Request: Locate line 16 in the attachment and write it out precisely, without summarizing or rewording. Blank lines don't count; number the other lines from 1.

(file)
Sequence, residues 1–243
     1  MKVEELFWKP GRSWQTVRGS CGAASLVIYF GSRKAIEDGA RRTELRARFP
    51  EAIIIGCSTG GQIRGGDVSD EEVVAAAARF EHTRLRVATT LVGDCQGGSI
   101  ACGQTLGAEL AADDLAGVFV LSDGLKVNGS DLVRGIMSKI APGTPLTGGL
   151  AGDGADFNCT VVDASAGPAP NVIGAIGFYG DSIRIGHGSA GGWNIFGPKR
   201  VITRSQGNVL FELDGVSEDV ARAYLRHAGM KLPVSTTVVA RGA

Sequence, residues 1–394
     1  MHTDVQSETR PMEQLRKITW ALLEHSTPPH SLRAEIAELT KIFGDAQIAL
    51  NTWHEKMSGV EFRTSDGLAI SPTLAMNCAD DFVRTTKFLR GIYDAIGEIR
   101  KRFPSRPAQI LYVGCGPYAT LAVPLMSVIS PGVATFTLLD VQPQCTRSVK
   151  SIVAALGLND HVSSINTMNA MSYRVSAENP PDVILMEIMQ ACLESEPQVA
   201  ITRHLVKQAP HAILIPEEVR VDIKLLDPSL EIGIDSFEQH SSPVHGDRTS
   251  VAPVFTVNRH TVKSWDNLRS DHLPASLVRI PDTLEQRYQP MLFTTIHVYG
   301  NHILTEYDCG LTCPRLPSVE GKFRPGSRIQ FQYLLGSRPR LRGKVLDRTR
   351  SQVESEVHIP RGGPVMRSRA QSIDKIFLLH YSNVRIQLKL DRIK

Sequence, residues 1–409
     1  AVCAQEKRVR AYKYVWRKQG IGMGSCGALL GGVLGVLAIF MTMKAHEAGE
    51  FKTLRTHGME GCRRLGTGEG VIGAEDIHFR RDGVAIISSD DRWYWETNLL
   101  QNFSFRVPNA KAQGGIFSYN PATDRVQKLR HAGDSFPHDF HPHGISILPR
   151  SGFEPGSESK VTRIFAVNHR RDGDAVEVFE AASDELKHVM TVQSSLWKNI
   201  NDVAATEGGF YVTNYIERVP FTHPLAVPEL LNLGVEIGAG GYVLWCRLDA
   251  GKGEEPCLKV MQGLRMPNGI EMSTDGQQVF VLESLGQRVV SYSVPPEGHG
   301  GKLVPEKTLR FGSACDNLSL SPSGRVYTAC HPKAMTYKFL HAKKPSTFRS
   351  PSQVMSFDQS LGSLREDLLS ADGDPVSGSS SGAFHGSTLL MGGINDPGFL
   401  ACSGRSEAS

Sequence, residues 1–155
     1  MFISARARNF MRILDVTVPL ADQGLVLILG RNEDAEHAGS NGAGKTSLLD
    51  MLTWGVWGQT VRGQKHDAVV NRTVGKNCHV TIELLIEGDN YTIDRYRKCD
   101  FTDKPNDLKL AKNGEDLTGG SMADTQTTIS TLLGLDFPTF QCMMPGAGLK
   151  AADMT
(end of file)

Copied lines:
Sequence, residues 1–409